3 Ways to Reduce Children’s Screen Time

Little girl on iPad
January 18th, 2020 0 Comments

John Barry

In a world, full of television, streaming services, iPads, video games and social media, children of all ages are glued to screens. Luckily, the heroes of the day (Mom, Dad, Grandparents, etc), can rescue kids from too much screen time and help show these young ones how to enjoy active, healthy and happy lives.

Enough with the dramatics, but it is true. The average person in our society spend an alarming amount of time in front of a screen. A recent study has shown that Americans spend an average of 6 hours and 43 minutes in front of a screen throughout the day. Some quick math shows us this is just over 28% of a full day. Add in 8 hours of sleep (hypothetical) and it translates to 61% of our day spent in front of a screen or asleep. Not much time left to do anything else. While not all screen time is bad (great educational opportunities) it can deter time away from other activities. We’ve established that being active and not sitting for prolonged periods of time is a good thing. It improves our health and overall well being. Humans are creatures of habit. Most of our daily tasks have been predetermined by ourselves at some point and now it is simply the way we do something. Simple example, when washing your hands, do you wet them first or put soda on first? Whichever you do, is it ever different? Let’s now put this into practice with our children and help them create good habits.

Set Limits

The first step, which might be the toughest, is setting strict limits on technology use throughout the day. Easier said than done. There are apps and parental controls that help create automatic shut off times for items. This can be a start, but I would argue it’s better to make the choice to put something down or turn it off, rather than being instructed too.

Play Music

A trick we’ve done in my household which has worked thus far, is we can only play music during meal time. When we sit down together to eat, we put phones and tablets away, the tv is turned off and we take turns selecting a song to play via a streaming service. As we choose songs, some are simple background music, while other cause a spontaneous, mid-dinner dance party. Sometimes we sing along and really enjoy each other’s company. That has seemed to work for us, it might for you. Find something that your children and you enjoy doing together and schedule out time to do it. This also means that grown ups must put phones down as well. I’m guilty of this myself. When home and going to play with my daughter, I’m holding my phone waiting for a text or email that I need to respond to. I find it neat to just put it in the corner or a drawer and be fully present in the moment.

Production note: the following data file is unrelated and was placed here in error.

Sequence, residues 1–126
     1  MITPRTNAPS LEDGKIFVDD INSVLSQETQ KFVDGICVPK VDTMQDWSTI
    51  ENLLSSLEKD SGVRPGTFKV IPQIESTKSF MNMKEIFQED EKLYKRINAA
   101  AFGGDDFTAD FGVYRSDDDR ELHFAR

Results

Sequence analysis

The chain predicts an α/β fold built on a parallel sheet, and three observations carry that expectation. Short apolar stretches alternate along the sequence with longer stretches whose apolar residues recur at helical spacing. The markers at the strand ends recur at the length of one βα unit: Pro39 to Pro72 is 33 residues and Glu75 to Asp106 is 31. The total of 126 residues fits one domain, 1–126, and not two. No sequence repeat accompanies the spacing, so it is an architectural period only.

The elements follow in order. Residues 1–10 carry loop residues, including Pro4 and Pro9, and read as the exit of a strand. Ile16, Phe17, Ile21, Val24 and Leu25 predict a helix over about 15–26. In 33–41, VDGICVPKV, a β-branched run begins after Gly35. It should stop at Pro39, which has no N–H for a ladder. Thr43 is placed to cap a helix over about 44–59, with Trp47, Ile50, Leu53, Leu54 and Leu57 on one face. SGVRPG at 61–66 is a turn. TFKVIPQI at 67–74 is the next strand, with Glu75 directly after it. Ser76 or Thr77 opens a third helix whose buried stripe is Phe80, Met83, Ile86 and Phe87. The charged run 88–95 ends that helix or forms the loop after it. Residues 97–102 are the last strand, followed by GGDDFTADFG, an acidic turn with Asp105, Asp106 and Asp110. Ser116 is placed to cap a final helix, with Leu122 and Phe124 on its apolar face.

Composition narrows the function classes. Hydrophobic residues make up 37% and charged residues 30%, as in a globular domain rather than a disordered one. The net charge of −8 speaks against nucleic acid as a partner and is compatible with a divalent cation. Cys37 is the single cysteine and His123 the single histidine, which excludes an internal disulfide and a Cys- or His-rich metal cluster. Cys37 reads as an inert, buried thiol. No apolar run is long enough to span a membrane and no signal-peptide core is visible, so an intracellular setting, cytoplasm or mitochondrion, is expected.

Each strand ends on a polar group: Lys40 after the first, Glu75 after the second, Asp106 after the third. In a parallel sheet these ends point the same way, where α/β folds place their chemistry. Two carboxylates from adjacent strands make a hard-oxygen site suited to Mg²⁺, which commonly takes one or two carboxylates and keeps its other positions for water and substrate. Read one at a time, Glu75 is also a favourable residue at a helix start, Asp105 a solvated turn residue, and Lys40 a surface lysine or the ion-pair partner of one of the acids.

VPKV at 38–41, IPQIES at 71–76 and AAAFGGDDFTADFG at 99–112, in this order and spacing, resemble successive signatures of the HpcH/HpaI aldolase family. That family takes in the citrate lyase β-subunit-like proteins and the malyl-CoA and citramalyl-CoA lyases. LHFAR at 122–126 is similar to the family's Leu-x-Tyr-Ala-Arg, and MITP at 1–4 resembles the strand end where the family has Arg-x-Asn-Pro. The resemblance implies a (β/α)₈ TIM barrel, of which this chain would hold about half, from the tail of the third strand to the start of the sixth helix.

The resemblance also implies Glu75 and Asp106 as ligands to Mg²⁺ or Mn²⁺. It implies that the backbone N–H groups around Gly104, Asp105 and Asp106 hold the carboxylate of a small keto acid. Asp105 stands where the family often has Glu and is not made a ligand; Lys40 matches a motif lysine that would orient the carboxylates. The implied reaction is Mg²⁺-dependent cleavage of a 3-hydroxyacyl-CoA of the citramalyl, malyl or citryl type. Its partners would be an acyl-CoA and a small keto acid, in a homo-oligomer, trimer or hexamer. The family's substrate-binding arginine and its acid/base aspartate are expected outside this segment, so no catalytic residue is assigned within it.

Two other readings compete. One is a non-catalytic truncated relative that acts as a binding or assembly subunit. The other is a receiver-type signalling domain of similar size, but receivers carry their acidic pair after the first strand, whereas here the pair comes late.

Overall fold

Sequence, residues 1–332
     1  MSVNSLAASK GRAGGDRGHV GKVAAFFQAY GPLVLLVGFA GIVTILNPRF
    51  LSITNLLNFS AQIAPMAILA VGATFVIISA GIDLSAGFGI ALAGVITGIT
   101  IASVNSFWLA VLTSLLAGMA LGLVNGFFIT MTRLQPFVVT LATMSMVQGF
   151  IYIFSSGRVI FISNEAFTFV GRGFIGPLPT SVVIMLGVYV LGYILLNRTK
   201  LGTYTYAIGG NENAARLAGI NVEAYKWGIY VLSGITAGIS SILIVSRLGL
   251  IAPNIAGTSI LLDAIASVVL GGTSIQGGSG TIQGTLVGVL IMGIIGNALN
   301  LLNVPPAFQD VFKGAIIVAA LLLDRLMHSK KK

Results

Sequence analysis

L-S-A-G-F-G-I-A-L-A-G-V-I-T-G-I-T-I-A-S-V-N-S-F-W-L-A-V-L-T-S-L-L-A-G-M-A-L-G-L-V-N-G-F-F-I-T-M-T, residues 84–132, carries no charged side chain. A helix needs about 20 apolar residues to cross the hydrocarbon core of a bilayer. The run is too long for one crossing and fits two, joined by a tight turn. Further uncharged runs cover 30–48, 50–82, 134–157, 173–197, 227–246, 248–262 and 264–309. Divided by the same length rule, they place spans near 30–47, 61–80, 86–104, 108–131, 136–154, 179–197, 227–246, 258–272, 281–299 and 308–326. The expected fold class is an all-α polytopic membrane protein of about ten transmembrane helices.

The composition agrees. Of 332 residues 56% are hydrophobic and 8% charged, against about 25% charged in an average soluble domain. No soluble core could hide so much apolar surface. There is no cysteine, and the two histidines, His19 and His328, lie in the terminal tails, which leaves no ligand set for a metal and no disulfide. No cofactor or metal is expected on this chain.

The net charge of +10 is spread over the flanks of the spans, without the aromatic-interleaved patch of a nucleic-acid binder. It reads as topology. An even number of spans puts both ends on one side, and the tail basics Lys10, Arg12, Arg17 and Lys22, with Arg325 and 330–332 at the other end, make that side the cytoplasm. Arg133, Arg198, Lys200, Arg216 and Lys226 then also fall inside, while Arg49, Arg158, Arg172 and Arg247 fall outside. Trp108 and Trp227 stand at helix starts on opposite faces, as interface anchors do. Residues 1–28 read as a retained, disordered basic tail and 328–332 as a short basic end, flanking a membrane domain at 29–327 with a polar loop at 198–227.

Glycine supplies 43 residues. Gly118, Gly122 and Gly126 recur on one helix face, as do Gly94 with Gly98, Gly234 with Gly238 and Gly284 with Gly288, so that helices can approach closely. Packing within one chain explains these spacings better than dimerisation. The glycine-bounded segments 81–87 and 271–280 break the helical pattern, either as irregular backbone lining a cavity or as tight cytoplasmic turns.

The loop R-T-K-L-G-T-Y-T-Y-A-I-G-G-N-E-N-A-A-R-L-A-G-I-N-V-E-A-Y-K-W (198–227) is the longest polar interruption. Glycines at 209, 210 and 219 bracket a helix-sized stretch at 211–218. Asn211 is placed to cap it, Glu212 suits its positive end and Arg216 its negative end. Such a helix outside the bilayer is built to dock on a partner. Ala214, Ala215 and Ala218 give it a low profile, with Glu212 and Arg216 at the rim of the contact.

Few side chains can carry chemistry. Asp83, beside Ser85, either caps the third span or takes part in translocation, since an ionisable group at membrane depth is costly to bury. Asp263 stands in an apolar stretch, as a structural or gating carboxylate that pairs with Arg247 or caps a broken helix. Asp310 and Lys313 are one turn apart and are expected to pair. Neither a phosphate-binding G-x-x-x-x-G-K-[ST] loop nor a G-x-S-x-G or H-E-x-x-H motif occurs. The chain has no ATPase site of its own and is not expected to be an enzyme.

Run and Walk to Run Errands

3 kids running through a fieldMy next suggestion may be easier or tougher depending on where you live. I enjoy running and walking while outside. I’d prefer to walk a decent distance to run errands, rather than take the car. Finding ways of getting more walking into the daily routine for both you and your child will be beneficial. The extra time spent ambulatory instead of sitting is a big plus. By also walking, you are conserving gas which saves money and reduces your carbon footprint. The extra time spent outside is beneficial as well. The fresh air and sunlight are needed for our health. Of course take proper precautions depending on where you live. If you’re reading this in Antarctica, please bundle up. Set a particular goal/reward for the walking as well. It’s a walk to the local cafe to get a treat, maybe it’s the scenic route to find new picturesque settings or places of adventure. There’s a playground roughly a mile from our house. Our daughter loves to go there and play. Instead of driving, we’ll “slowly” stroll over on a Saturday and walk home. This gives us both needed outdoor exercise and time together to talk.
It’s important that we teach our kids these good habits, but we also want them to make these decisions themselves. The way we phrase something, can make all the difference. I’m not telling you to turn it off, I’m asking you because I’m walking over for a slice of pizza. Want to come with? You know it tastes better there.
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